Professional negligence law needs to catch up

The buzzwords around law and legal practice at the moment centre around fixed fees and unbundled legal services. Whilst no 2 legal matters are the same and in some areas, such as litigation, fixed fees are very difficult as so many matters are outside the lawyers (and sometimes clients control), I fully understand that, whether

Home » James Swede » Professional negligence law needs to catch up

The buzzwords around law and legal practice at the moment centre around fixed fees and unbundled legal services.

Whilst no 2 legal matters are the same and in some areas, such as litigation, fixed fees are very difficult as so many matters are outside the lawyers (and sometimes clients control), I fully understand that, whether for business or personal matters, clients want certainty.

It is easy to criticise lawyers – some criticisms are perceived lack of flexibility and that the lawyer doesn’t see things from the client’s perspective. These arguments centre around the fact that law has traditionally been more of a profession than a business. Providing professional advice, taking the medical analogy, is fiercely giving the client the very best advice in a way which is not dependent on costs. However, this kind of advice comes at a cost, and that’s a big differentiator between law and medicine. With medical matters, whether via the NHS or private medical insurance, the client doesn’t directly pay for what can be extremely expensive advice, whereas for law they do.

The tug of war

From the lawyer’s perspective, it is our job to consider all the ifs, buts, possibles, maybes and nuances of a situation or contract, based on knowledge and experience. The problem is that sometimes pointing out what appear to be unlikely risks or contingencies to clients creates conflict and clients may argue that they don’t agree and don’t want to pay for that level of protection – they want to make their own value and risk assessment.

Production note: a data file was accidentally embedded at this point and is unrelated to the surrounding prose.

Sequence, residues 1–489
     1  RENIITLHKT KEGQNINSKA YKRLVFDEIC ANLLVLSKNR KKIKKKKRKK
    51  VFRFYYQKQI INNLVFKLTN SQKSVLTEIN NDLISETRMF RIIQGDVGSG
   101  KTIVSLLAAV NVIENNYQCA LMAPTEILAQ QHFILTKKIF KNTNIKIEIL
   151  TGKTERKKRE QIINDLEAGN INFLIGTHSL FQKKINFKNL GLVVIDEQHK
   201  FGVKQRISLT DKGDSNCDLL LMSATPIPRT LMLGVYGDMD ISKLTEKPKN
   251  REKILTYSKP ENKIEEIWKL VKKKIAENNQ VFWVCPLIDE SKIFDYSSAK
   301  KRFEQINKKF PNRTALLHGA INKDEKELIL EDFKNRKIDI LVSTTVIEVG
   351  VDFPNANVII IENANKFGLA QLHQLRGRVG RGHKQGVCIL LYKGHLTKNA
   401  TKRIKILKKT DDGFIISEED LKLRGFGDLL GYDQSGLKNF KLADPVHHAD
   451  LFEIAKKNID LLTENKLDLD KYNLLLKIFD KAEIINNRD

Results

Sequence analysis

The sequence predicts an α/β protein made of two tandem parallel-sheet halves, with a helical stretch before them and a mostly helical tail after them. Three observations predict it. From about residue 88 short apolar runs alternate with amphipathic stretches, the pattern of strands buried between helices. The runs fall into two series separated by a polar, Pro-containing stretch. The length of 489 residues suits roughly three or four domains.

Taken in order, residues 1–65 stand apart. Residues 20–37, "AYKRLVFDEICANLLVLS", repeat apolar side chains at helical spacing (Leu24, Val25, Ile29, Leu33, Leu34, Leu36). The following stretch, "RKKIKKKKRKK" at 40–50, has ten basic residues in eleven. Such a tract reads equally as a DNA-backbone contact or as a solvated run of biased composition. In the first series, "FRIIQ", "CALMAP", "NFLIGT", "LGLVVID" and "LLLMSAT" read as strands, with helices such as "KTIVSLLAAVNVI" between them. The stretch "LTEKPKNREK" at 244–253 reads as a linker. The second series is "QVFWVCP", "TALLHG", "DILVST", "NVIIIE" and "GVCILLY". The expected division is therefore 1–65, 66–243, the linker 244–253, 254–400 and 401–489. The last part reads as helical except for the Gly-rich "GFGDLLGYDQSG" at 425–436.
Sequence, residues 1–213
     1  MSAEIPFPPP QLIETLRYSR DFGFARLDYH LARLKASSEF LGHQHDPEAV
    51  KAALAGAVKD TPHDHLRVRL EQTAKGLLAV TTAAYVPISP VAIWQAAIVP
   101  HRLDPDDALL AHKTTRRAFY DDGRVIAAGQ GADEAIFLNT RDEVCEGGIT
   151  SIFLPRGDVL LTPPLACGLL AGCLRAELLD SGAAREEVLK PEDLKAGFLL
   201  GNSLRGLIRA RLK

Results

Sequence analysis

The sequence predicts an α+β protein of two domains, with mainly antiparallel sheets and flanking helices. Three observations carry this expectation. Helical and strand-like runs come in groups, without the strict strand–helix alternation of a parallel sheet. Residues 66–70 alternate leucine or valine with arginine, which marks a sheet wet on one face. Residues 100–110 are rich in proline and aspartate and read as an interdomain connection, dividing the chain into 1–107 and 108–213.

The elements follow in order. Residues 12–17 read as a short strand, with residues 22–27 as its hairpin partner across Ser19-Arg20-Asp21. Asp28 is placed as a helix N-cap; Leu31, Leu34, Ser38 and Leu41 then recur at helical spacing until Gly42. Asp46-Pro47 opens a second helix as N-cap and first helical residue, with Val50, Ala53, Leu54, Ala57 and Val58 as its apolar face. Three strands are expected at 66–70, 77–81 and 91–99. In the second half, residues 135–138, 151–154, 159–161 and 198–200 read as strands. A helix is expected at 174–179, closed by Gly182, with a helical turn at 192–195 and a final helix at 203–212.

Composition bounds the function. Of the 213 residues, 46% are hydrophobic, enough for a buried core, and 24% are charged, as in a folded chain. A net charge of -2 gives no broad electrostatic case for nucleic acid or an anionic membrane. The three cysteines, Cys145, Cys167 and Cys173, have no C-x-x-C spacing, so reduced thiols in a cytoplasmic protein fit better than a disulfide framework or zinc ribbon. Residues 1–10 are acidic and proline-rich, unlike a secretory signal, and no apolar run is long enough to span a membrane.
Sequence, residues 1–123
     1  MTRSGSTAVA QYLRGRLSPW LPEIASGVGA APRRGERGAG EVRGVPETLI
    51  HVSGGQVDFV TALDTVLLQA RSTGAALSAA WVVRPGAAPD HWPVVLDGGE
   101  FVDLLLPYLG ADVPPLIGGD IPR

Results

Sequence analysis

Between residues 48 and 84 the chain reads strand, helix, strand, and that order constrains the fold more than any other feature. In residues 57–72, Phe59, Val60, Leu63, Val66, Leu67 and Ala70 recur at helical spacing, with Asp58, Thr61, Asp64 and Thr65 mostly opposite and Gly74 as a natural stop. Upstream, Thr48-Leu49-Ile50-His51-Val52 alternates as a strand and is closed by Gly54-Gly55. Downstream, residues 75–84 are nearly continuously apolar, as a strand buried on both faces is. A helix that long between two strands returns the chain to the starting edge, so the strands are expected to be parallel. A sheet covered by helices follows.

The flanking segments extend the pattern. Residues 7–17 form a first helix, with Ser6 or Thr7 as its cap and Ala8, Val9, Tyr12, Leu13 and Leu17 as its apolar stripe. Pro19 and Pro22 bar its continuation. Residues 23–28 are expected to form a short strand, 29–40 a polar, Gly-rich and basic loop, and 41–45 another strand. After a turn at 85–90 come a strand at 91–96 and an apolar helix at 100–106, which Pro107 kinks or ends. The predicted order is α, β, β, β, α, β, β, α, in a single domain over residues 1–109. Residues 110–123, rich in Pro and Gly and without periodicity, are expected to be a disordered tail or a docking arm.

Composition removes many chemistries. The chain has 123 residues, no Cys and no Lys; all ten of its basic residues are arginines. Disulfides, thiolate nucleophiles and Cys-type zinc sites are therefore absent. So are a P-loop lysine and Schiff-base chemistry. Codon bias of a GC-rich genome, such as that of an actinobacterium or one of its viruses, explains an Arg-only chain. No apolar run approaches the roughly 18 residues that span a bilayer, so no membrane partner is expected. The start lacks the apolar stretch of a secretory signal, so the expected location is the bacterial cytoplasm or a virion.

A SWOT approach to law ?

Most businesspeople are very familiar with a SWOT (Strengths, Weaknesses, Opportunities, Threats) approach and may feel that lawyers don’t utilise this kind of business methodology enough. As a solicitor, I know that the risks to clients are not always readily apparent to them and can also arise because at some point in the future, another clever lawyer may look to pick holes in a contract or advice which isn’t completely thorough, which instead is based on a cost-benefit-business approach.

What’s this all got to do with professional negligence ?

Let’s assume that a client comes to me for advice on a  commercial contract relating to a business transaction worth £125,000.00. The matter is, in pure legal terms, quite complex and ideally we would want to fully protect that client. The client says they have a budget of legal fees of £2,500.00 plus VAT maximum. They will not spend a penny more and consider that this amount is proportionate to the transaction.

I consider myself a business person as much as a lawyer so I fully understand my client’s business based approach. I fully explain the risks to my client that the time budget may not allow for the transaction or documents to be as thorough as I would like. The client understands and agrees and we have a contract which makes this clear.

Several years later, a problem arises on the contract. The client considers his options, and as a businessman, decides to look at the easiest ways to recover his losses. Going after a lawyer is an attractive option, as we are compulsorily insured. Nothing personal but he considers blaming my firm. Under contract law, I am on fairly safe ground. After all, I clearly warned about the risks and the problem he has falls squarely within the areas of advice I said I couldn’t fully cover (although that can also be very hard to define).

Not breach of contract but breach of duty of care

The difficulty is that the client has another option – he can sue me for professional negligence rather than breach of contract.

My duty, under current professional negligence law, is to provide advice commensurate with a reasonably competent solicitor with my level of skill and experience. This duty takes no account of constraints put on me by my client on costs. The duty reflects a time when lawyers were more professionals than providers of business services. It no longer reflects the reality of the legal market.

Many clients are not unreasonable – like me, they are able to see the other point of view, but many are simply unaware of why the issue of fixed fees and/or unbundled, compartmentalised legal services can be so problematic. It is not in many cases the lawyers being difficult, it is a system which, whilst frankly benefiting clients, does not reflect the rapid changes in what clients want of their lawyers. Something needs to change, not only with lawyers but with the law.

James Swede

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